Oil tycoon, investor and philanthropist John D. Rockefeller famously said, “The only thing that gives me pleasure is to see my dividend coming in.” Although some dispute the real value of paying a dividend by suggesting that companies could be better off reinvesting that cash into the business, studies show that the reported earnings of dividend-paying firms are stronger over time.
When a company pays a dividend, it dips into its cash reserves to pay existing shareholders. If you buy the stock after the dividend, the company has less cash and is worth that much less as a result. But sometimes a stock rises, even after a dividend payment. Although dividend payouts influence stock prices, they’re just one factor. Hedge funds and speculators may trade ahead of dividend payments in hopes that other investors will temporarily set a wrong price on the stock.
Changes in Earnings Distributions
In a 2004 paper, “What Do Dividends Tell Us About Earnings Quality?,” Douglas J. Skinner, an accounting professor at the University of Chicago Graduate School of Business and University of Michigan Business School, found that over the past 30 years, “there have been significant changes in the distribution of earnings … as well as in corporate payout policy, with many fewer firms paying dividends and the emergence of stock repurchases.”
Companies can generally choose between dividends and share repurchases as a way of returning excess cash to their owners. But the success of a repurchase program depends greatly on the value of the company’s stock; if the price of the stock decreases after management conducts the share repurchase, you could argue that the company didn’t get a good deal. But a dividend is cash in hand.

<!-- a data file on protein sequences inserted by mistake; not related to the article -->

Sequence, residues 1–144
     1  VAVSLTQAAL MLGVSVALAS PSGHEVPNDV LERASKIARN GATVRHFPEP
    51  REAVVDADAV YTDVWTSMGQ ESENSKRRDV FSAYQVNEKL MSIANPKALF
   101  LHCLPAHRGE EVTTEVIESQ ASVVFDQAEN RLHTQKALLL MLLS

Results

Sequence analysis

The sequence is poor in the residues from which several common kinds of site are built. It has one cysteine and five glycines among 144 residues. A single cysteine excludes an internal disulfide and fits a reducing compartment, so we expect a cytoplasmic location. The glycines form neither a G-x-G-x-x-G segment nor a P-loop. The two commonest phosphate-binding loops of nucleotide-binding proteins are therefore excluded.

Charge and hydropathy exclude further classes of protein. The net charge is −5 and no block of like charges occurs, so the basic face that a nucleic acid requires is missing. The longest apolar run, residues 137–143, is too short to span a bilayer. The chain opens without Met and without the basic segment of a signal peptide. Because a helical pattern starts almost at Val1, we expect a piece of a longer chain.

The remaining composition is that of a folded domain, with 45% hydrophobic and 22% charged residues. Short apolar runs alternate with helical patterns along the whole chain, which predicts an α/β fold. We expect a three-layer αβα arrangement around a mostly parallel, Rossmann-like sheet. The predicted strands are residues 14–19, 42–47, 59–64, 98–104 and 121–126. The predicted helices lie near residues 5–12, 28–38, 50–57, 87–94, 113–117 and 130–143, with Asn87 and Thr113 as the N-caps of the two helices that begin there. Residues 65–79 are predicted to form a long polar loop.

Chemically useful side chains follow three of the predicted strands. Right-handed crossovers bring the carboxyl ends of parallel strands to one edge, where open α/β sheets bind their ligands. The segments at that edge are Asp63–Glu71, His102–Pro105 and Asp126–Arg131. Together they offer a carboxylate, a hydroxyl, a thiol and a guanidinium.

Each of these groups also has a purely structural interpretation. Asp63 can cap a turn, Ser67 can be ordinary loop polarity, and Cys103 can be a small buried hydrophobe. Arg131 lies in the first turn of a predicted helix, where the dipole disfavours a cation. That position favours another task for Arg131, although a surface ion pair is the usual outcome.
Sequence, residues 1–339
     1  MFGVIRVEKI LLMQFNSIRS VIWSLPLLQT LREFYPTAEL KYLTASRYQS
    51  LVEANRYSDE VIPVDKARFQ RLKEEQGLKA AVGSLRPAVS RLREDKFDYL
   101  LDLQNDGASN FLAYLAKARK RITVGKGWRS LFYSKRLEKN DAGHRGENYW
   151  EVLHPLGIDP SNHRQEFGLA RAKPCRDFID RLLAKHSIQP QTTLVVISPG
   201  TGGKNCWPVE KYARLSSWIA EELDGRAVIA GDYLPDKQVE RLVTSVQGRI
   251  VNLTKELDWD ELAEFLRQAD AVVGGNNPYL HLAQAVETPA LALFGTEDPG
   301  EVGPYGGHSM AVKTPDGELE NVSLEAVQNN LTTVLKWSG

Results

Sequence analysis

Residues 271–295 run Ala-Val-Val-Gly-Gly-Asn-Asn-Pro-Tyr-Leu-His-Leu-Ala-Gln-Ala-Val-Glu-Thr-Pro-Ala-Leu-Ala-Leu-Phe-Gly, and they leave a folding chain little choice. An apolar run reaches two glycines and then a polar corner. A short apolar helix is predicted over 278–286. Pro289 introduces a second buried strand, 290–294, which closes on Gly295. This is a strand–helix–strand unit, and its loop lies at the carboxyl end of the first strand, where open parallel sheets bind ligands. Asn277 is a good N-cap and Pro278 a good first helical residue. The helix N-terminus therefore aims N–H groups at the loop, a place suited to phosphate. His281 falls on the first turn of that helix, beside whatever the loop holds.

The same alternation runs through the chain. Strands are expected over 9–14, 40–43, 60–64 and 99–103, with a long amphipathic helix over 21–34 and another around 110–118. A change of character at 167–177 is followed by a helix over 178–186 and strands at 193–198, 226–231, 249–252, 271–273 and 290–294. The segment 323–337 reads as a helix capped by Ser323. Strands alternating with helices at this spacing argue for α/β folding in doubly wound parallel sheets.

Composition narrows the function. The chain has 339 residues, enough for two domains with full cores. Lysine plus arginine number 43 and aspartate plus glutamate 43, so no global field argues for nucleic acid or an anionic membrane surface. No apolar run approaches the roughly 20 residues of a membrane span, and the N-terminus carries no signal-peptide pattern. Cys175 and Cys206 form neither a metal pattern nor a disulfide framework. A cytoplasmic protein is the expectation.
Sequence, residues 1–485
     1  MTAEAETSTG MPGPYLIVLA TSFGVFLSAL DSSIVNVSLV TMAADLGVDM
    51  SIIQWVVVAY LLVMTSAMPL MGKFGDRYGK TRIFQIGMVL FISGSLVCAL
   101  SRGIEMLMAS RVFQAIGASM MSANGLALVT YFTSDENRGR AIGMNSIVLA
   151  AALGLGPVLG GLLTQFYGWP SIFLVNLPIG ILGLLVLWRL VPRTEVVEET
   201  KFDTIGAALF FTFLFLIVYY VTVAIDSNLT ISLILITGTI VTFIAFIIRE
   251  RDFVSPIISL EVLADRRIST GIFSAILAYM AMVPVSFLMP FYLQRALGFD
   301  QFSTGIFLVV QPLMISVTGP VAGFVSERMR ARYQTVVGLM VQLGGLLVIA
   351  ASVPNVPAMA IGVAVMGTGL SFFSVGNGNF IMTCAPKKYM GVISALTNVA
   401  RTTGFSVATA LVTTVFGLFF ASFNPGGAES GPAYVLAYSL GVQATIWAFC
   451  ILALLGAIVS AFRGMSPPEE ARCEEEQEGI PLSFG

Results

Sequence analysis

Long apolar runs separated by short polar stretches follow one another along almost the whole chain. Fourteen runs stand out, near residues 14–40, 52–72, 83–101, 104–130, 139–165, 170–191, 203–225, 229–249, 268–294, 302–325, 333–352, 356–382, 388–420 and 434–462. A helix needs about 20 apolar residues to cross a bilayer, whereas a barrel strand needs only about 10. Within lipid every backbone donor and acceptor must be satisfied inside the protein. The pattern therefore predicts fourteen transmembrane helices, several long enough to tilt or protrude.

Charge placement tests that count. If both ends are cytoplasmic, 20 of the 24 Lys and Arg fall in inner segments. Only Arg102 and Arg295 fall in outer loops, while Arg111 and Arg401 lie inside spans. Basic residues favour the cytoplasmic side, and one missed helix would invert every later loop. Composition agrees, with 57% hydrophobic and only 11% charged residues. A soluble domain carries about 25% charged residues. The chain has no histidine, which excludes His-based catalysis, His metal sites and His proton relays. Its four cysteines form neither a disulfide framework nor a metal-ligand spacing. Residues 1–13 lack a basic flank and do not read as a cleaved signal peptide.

Skinner’s study determined that “the reported earnings of dividend-paying firms are more persistent than those of other firms and that this relation is remarkably stable over time. We also find that dividend payers are less likely to report losses and those losses that they do report tend to be transitory losses driven by special items.”
Skinner noted that results don’t hold as strongly for stock repurchases, consistent with them representing less of a commitment than dividends.
He said companies that pay a dividend have better future earnings, especially firms with larger dividend payouts, large firms and large firms with larger payouts. “The effect is related to losses but also holds when losses are excluded from the tests,” the study found.
Some investors believe that instead of paying dividends, companies should re-invest that money in an effort to grow or improve business. Others believe they’re invaluable.
Peter Vanderlee, managing director and portfolio manager of Legg Mason’s ClearBridge Advisors and a member of the Income Solutions team that co-manages the Dividend Strategy, scrutinizes dividends when picking stocks. “There is such a thing as getting in at (the) right stock price,” he says. “That’s where a lot of analysis comes in. That’s where we pick up a lot of entities on the cheap. I spend a lot of time on the dividend program.
“Why is the dividend so important? It’s certainly topical. I certainly look at the current yield based on the price of a stock. I look at management’s, or more importantly, the board of directors’ track record in maintaining or increasing dividends. Some companies we own have paid uninterrupted dividends for over a century; others have increased dividends for over 30 or 40 years in a row.”
Go Beyond Dividends in Analyzing a Company
Carefully examine a company’s historical earnings over at least five years, as well as its potential for continued growth. Dividends are just one metric for measuring a company’s profitability and overall health.
In addition to dividends, Vanderlee and his team look at how aggressive a company is at managing costs and its cash flow.
“Ultimately,” he says, “dividends are paid in cash out of free cash flow, so we analyze the free cash flow payout ratio in addition to the earnings payout ratio of the dividend. As you can see, this dividend component alone requires a lot of analysis and a lot of digging.”
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